Education Week: Coronavirus Aid Might Not Prevent Cuts to School Funding, Analysis Shows
Even with $13.5 billion in coronavirus relief aid provided to schools by Congress last month, an across-the-board 8 percent cut to states’ school funding would lead to a decline in per-pupil spending in all 50 states, a new analysis shows.
In addition, the analysis by Michael Griffith, a veteran school finance consultant, finds that the K-12 relief package signed by President Donald Trump on March 27 as part of the Coronavirus Aid, Relief, and Economic Security Act amounts to less than 2 percent of all spending on public schools.
As a souring economy eats into states’ resources this year, the emergency airlift of federal money could help mitigate the damage to the nation as a whole and states in particular.
Yet already, states are seeing their economies start to slide and are slashing their spending. For example, Idaho Gov. Brad Little, a Republican, has already ordered the state education department and other agencies to shave 1 percent off their budgets. And last month, New York Gov. Andrew Cuomo, a Democrat, said the state could have a $15 billion shortfall in tax revenue. And the education community has put Congress and the White House on notice that the current round of federal aid won’t be enough to keep school budgets from a sharp decline.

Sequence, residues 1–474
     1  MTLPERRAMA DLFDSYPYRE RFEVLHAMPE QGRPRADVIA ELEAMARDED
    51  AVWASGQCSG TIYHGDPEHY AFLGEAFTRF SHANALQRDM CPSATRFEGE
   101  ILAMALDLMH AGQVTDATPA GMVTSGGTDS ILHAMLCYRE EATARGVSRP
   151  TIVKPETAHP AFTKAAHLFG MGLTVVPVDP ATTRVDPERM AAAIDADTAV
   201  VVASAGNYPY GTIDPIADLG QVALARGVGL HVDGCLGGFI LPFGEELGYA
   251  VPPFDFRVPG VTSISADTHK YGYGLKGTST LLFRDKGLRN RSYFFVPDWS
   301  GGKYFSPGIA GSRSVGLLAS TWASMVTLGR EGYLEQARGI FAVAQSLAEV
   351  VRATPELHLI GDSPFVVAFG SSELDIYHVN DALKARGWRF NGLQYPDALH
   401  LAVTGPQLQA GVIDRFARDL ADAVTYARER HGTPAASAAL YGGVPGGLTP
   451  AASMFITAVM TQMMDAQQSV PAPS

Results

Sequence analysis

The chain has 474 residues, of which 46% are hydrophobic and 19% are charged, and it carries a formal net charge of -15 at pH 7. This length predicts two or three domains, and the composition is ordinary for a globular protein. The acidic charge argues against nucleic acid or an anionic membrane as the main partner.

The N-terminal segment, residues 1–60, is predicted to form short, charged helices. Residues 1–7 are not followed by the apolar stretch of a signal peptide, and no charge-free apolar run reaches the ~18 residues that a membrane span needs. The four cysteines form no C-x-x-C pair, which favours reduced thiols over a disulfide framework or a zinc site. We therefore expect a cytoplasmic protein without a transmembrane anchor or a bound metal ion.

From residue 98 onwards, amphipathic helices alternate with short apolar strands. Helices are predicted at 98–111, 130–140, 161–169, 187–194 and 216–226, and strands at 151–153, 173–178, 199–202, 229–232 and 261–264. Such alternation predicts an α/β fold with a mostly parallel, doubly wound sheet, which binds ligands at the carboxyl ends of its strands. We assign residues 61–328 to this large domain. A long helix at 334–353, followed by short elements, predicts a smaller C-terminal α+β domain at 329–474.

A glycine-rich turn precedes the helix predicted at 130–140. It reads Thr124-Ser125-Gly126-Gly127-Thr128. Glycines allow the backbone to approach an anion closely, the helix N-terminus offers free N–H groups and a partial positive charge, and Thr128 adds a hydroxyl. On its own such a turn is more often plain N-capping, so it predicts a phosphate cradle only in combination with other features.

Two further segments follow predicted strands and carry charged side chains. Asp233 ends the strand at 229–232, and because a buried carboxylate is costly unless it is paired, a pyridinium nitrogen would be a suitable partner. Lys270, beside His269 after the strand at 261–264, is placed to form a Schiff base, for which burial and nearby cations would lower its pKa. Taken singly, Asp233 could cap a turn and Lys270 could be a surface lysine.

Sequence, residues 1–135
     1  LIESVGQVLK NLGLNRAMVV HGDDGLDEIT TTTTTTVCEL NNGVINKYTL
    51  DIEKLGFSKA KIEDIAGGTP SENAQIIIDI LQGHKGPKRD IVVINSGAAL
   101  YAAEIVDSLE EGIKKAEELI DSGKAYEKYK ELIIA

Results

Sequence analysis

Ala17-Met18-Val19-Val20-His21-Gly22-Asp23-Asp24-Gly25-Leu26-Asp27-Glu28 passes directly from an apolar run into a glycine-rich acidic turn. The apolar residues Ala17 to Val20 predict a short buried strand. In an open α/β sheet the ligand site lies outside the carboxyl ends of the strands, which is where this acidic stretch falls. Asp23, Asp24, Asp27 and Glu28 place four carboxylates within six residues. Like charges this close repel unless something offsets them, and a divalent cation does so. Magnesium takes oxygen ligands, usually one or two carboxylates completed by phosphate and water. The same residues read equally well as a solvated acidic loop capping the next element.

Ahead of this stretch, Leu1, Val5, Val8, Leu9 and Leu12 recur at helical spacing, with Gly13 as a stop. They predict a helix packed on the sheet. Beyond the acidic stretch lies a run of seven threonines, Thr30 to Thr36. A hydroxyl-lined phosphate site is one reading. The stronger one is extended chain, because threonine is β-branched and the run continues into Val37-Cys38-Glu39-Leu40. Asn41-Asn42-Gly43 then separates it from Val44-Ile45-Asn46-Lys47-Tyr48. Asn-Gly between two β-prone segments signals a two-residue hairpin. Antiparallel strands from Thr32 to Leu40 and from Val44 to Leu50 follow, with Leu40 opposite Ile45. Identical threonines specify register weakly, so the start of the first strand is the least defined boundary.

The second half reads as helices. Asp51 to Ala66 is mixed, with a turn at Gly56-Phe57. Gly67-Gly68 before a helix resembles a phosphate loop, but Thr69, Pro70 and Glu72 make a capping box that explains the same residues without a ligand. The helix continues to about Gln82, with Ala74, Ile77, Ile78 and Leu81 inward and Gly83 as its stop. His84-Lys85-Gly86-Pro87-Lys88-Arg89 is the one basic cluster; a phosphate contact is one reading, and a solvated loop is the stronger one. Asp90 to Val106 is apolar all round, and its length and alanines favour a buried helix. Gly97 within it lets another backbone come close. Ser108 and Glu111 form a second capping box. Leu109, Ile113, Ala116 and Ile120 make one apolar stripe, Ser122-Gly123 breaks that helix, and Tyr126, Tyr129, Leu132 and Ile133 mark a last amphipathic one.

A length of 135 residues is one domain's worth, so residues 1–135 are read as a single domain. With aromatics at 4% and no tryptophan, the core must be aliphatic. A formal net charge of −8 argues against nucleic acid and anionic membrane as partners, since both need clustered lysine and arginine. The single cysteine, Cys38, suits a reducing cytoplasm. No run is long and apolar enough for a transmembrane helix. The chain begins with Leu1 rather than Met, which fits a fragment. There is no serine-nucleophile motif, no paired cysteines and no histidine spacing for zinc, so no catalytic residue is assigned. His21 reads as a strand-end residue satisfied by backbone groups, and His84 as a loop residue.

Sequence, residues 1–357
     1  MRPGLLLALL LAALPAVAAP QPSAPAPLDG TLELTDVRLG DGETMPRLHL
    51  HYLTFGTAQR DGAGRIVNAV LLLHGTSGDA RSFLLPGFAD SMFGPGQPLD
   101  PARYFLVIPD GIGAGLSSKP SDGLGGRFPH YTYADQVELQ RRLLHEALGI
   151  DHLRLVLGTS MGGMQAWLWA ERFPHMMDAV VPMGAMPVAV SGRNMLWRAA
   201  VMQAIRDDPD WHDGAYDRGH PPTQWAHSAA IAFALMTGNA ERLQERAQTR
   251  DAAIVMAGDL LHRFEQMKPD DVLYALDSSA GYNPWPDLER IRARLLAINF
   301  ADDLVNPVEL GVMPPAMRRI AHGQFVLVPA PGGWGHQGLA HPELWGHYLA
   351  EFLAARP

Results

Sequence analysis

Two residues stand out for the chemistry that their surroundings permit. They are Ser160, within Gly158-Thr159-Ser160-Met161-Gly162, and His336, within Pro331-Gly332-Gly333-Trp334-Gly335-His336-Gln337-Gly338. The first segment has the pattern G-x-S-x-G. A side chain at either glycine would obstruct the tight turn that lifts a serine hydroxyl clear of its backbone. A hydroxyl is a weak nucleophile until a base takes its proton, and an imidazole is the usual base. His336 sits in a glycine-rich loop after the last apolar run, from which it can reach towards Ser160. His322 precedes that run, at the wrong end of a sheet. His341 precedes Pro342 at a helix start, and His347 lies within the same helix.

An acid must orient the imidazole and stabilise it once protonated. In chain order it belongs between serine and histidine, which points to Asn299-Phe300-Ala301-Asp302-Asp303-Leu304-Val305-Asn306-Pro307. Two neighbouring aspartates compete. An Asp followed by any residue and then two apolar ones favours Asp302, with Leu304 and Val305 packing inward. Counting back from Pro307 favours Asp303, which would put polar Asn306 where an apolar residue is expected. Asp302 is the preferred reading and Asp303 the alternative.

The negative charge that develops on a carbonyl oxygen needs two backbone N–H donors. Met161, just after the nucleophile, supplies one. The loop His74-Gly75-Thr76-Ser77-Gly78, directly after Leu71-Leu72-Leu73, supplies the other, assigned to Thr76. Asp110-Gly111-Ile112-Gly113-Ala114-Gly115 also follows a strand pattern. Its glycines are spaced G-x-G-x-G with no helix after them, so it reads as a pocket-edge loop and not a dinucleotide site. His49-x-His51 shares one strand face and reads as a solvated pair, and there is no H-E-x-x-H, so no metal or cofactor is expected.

Some observers already anxiously foresee a round of cuts similar to the impact on school budgets triggered by the Great Recession of 2007 to 2009, which some evidence indicates hurt students’ performance and their odds of going to college, particularly for students of color. The extent to which per-pupil spending has rebounded since the Great Recession varies significantly between states.
The CARES Act, signed by President Donald Trump on March 27, includes billions earmarked for public schools. There’s a $13.5 billion pot for school districts, which will go out to districts under an existing federal formula focused on disadvantaged students, and a $3 billion fund for governors to distribute to both K-12 and higher education.
Andrew Ujifusa is an assistant editor for Education Week. He covers national education policy and politics and writes for Education Week's Politics K-12 blog.